October 28, 2010
Thinking back, I guess talking Mom into it was the most difficult part. I was 15 that fall, based on the best-guess estimate of 1974 as the year I'm relating, but I felt that negotiating the rough and tumble streets of Philadelphia during the four years since my father disappeared somehow qualified me for bigger things. Mother was decidedly overprotective. I was her only child -- all she had to cling to after life had delaminated so completely. I didn't understand that at the time, of course. I simply wanted to go bowhunting, more than I'd ever wanted anything before or since. She couldn't understand I was infinitely safer in the wilds than wandering the streets of South Philly.
Perhaps I'm not giving her enough credit. When her chronically lazy son suddenly turned into a choirboy without prodding, bringing home good marks from school, she must have suspected something. She couldn't have understood the scheming that goes through a young boy's mind, though -- a three-day October weekend marked on the calendar, gear to be acquired, the careful timing of all that good behavior. I was under a deadline, after all. Did she understand that, or did she simply give in to my desperate, sobbing pleas?
What my plan lacked was transportation to New Jersey's Pine Barrens, more specifically Wharton State Forest. It was exactly two hours distant; this I'd already determined. I remember it as if it were yesterday.
It was coming on hard dark when I realized just how lonely a dark tent can be when night falls and there are no other options for retreat. Night noises came on. Late-blooming mockingbirds tuned in. Bugs zoomed and swooshed and plunked against the tight canvas.
Frogs croaked. Whippoorwills made a mournful symphony. Things snapped, crackled and popped -- and stalked by on careful feet. Nearby, an owl hooted. Well in the distance a lost dog howled, which meant (in my mind) somebody was dead. I was getting acute claustrophobia, complicated by active fright and a vague guilt for the worry I was no doubt causing Mom and Grandma.
The idea of exiting the tent and building a fire struck me, but I couldn't make myself move. The rustle I'd just heard was certainly a water moccasin, copperhead or diamondback.
I was hungry.
It hadn't been an extremely long hike, maybe a mile, or a little more. Encumbered with blanket roll and tent, iron frying pan and canteen, shingle hammer to serve as hatchet, bacon and eggs and a jar of peanut butter and such, much of it strapped to the outside of an aged knapsack of military origin, I moved through the woods like an old-time tinker wagon. Discovering the flat, dry place overlooking a shimmering creek just at dusk seemed divine intervention. I huured to erect the moth-eaten shelter that grandfather and I'd once shared, stashing provisions. I slipped my hard-used, nondescript longbow against the sloping wall of the tent beside my blankets and organized my gear into what I imagined was an efficient camp. The bow bristled with arrows held by a two-piece, snap-on quiver sans broadhead hood.
Taking stock, it occurred to me I was all alone for the first time in my short existence. I began to discern an inner turning erasing all hunger, creeping melancholy I would recognize years later, coming home to a dark house newly void of wife and children, utterly silent and empty.
Mosquitoes ultimately rousted me into action; the worst of the year, late-season hangers-on desperate for blood to perpetuate their loathsome species. Chastising myself for forgetting a flashlight, I lit some kitchen matches and managed to scrabble up some loose pine needles, which made the beginnings of a fire. In the faintly flaring light, I managed to snatch up a few dead branches, and a fat pine stump at the edge of camp yielded a few slivers of pitch-wood. With the fire flaring merrily, I was able to accumulate a few dead logs.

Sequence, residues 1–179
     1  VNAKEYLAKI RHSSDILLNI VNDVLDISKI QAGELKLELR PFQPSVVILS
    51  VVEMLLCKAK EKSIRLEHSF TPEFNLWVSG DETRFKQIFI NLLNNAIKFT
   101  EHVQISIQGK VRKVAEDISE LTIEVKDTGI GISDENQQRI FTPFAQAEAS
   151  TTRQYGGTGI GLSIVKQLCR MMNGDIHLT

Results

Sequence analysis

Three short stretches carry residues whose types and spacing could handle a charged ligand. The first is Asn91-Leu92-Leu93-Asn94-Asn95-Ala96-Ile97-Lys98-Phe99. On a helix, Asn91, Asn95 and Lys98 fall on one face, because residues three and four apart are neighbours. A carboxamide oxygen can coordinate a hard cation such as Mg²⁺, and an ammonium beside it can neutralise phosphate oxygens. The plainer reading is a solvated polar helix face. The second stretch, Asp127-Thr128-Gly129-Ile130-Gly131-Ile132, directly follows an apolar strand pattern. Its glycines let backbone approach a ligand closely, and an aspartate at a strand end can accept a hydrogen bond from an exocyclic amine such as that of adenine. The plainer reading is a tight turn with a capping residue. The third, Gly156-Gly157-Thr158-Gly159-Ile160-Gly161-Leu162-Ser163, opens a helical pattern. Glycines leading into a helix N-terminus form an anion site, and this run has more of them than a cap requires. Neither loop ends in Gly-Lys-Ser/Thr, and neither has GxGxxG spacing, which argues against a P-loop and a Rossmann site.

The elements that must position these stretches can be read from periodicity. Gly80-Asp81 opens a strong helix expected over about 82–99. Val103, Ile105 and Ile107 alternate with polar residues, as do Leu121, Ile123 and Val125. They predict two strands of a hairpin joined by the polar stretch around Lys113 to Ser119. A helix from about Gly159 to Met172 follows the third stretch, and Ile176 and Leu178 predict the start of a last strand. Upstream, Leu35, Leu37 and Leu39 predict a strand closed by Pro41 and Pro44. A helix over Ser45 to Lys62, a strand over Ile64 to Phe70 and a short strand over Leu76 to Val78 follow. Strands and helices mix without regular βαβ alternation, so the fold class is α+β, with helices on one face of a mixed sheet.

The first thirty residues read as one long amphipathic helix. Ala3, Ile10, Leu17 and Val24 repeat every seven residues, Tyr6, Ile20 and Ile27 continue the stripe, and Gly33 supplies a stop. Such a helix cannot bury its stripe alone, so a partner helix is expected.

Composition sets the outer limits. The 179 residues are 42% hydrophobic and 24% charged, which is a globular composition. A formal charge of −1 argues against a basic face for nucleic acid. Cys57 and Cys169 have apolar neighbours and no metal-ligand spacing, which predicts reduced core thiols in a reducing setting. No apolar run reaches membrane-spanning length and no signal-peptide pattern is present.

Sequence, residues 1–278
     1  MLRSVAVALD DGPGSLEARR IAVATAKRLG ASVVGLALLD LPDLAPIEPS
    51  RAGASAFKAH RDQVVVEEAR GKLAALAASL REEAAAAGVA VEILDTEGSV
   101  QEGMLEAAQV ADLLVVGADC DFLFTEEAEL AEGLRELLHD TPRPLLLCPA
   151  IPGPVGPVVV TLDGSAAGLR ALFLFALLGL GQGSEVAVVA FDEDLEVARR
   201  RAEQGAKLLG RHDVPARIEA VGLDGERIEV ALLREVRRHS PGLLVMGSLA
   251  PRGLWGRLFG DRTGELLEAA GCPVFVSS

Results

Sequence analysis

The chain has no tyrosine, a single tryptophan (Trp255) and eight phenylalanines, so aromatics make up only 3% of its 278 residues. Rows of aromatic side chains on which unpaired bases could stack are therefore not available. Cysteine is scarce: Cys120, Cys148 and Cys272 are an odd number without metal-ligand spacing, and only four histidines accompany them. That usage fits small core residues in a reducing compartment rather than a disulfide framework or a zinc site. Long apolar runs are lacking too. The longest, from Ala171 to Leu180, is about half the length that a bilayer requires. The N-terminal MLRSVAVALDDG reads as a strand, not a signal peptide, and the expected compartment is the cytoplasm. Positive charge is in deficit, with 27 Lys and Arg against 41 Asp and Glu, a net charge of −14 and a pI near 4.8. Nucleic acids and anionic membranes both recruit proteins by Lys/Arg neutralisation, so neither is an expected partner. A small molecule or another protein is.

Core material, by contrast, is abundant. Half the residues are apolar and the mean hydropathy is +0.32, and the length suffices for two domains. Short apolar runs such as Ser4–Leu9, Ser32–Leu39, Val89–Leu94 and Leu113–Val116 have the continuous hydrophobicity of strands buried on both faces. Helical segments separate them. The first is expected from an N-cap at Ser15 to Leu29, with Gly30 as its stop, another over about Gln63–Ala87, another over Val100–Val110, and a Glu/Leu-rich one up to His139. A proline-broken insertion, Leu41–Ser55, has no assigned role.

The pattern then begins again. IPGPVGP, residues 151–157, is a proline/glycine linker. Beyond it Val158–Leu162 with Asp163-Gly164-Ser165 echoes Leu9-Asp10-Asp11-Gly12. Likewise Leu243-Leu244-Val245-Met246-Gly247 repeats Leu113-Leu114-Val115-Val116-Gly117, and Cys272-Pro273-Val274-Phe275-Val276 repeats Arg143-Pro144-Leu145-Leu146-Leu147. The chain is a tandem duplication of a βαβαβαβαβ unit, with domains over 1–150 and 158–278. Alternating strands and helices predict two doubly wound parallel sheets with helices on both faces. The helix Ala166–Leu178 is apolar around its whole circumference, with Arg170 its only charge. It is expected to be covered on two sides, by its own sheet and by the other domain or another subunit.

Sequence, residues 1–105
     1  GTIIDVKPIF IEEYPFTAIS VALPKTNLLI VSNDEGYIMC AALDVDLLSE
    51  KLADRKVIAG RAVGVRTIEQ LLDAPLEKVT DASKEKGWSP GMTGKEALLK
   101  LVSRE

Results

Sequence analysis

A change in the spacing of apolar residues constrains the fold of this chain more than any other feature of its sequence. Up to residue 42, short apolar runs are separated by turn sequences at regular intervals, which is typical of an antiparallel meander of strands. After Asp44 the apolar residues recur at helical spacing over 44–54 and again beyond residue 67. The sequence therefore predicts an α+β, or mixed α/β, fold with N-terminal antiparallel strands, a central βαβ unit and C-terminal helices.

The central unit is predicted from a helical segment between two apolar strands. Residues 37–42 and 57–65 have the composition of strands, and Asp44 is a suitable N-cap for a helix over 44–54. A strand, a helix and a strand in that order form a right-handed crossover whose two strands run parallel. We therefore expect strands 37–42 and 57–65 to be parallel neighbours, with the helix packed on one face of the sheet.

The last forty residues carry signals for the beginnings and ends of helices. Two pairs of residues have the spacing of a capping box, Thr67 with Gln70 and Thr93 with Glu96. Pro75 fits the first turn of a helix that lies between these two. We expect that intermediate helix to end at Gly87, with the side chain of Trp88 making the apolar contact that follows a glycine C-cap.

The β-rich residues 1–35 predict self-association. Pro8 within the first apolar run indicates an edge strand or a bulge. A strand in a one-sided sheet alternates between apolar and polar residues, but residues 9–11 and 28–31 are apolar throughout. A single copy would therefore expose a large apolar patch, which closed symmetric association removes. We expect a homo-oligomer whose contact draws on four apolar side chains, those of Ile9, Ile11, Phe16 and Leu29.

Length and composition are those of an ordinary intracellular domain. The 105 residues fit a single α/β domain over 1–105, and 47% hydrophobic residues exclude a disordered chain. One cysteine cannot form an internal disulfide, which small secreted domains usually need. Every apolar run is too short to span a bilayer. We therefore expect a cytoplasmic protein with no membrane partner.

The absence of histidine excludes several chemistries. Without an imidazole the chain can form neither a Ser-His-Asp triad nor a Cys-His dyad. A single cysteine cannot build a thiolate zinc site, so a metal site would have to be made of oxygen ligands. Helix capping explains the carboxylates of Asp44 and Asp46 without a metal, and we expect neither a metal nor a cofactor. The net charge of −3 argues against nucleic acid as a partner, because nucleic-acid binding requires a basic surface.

Well, I thought, at least I have man's first friend -- fire. I tossed some bacon in the skillet and set it at the fire's edge, allowing it to brown slowly before breaking a couple eggs over the pork belly to create a solid mass to place between two slices of crudely toasted Wonder Bread. I felt suddenly quite outdoorsy and drowsy.
Stars showed distinct and silver-twinkly, not so distant and melon-golden like those above Philly. I lay wrapped in my blankets near the mesmerizing, comforting fire, where the smoke repelled a goodly portion of the biting insects. Owls hooted some more, and there were those myriad night noises that seemed somehow terrifying without company.
Dew soon accumulated on my blankets and my face was cold and wet with it. The fire had begun to flicker low, casting eerie shadows into my imagination. I crawled back into the dark tent. I was a big boy. I was big enough to shoot a bow. I was big enough to fistfight my way through the mean streets of Philadelphia. But I was not too big to cry, sobbing myself into a semblance of sleep and finally hard slumber.
It was just dawning when the hammering of a busy woodpecker down near the creek rattled me from a troubling dream. Looking about, I wondered momentarily where I was.
I shivered uncontrollably as I slipped into the abused fatigues I'd purchased at Frank's Surplus & Pawn with the money old man Manelli awarded me for sweeping and mopping his grocery store floor every day after school. I had the makings for breakfast but was too miserably cold to contemplate anything but motion. I shuffled toward water with the canteen, brushing through dew-chilled grass and ferns while shaking off sleep and cold.
The piercing, snorting report took me by surprise, my heart suddenly in my throat. I looked around wildly. A pair of white flags waved and bounced through the misty understory. I smiled at my own alarm, pointing and drawing an imaginary arrow in their direction, though they had already been swallowed by vegetation. I was wide awake.
I stepped dainty-footed between tufts of wet grass and scattered debris. Handled the bow deliberately. Noted deep-cut deer tracks in soft sand. Padded along in squeaky wet sneakers. Spied ball-bearing droppings nearly everywhere. Hot damn, I was deer hunting!
This realization smacked me between the eyes like a fist. This wasn't the pretend of shooting targets at the YMCA. Even when Coach Isabella put the paper deer faces up, cautioning me to aim carefully so as not to wound the leaping bucks, allowing th
em to escape and suffer, it seemed only a game. The sharp Herter's broadhead, first filed and then honed to shaving on the corner of the smooth, front step bricks of home, smeared with Vaseline to protect them from rust, seemed abruptly and virulently lethal. It was nearly overwhelming, and I had to shake if off before continuing.
Later that morning, I shot my first animal, the first with bow and arrow, my first ever.